And he plays at stocks and shares,
And he goes to the Regatta,
And he adores the girl next door,
‘Cause he’s dying to get at her,
But his mother knows the best about
The matrimonial stakes.

‘Cause he’s oh, so good,
And he’s oh, so fine,
And he’s oh, so healthy,
In his body and his mind.
He’s a well respected man about town,
Doing the best things so conservatively.

The guitar sounds very organic, plodding nicely along to the upbeat drums. It fits in very nicely, sitting between the vocals and drum kit. The dynamics don’t change at all, which makes me think that there is some compression on the guitar.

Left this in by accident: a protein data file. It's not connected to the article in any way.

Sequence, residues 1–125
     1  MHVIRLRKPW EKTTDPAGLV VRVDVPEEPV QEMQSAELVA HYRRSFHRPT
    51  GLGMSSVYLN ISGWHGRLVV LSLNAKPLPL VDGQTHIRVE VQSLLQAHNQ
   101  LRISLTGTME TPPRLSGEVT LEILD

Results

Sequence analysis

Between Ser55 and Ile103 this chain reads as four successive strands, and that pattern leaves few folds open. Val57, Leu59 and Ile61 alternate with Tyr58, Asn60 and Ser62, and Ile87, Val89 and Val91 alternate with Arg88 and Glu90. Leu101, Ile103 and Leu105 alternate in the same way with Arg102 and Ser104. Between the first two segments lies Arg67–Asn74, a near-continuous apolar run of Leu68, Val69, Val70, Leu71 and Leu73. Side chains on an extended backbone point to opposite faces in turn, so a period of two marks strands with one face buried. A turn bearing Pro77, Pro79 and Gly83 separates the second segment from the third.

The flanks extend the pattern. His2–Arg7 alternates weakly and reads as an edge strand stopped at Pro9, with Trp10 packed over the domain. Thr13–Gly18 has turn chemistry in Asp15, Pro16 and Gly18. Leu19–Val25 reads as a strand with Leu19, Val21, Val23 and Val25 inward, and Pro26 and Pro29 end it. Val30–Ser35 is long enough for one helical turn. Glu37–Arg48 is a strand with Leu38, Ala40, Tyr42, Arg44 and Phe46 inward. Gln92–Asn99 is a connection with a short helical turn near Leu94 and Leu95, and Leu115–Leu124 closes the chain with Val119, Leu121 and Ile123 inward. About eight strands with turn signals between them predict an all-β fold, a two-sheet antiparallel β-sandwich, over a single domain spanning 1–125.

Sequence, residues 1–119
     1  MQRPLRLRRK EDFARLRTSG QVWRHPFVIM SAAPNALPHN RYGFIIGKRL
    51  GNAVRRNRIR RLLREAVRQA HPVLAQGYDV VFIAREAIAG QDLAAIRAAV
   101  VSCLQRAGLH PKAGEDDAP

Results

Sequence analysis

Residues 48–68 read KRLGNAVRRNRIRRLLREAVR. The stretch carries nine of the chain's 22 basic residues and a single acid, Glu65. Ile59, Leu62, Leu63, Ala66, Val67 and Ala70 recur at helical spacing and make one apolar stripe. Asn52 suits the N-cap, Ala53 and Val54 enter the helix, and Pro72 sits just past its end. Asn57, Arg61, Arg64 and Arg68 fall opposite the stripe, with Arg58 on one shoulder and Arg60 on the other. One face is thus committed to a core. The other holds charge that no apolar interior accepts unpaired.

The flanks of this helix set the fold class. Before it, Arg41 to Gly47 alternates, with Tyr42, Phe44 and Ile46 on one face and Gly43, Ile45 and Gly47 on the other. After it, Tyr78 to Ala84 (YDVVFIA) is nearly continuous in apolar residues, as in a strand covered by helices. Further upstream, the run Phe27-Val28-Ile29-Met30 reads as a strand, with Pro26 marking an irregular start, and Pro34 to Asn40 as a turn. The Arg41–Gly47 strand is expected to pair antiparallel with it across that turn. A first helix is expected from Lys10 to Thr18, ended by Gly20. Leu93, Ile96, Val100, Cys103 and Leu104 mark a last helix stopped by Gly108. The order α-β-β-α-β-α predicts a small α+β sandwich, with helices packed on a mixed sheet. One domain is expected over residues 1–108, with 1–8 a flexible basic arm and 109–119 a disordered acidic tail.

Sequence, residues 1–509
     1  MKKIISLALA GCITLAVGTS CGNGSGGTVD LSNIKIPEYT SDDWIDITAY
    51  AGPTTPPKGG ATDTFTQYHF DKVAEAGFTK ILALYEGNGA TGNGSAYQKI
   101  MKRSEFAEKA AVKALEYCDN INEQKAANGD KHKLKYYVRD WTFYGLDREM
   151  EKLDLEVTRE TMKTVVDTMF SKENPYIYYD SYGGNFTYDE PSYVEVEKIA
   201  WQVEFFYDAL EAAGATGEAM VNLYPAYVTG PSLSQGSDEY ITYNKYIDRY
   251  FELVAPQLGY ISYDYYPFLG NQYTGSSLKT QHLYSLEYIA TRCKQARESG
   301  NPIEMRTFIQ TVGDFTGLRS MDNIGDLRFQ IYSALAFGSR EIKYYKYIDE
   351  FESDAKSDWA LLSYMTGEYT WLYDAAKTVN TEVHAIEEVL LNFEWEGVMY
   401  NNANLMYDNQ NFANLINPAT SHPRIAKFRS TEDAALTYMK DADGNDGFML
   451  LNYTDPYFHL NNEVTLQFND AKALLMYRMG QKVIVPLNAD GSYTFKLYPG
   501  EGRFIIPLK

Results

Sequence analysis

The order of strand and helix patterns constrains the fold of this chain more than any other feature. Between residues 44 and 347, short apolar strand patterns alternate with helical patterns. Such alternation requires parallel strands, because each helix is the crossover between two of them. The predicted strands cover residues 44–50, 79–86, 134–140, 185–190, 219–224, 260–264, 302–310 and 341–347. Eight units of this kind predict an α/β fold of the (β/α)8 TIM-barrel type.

Davies’s voice is quite dry, and like the guitar, stays the same level the whole song. His tone does however change in the fourth verse, where he draws his words out more and it seems puts on more of a ‘pompous’ English accent. This is perhaps to underline the mocking tone of the entire song and end with a punch and keep listeners interested, similar to a bridge in most modern songs.
Dave Davies harmonies with his brother in the choruses almost sound like he is directly mocking the tone of upper-class British society, while amazingly, still actually singing. They are set into the background just enough so as to punctuate the satirical nature of the song.
Other things to note are the are the very subtle bass line, which repeats a three chord progression throughout most of the song. Also, the drum kit keeps up the same beat throughout the verses, and only changes in the choruses.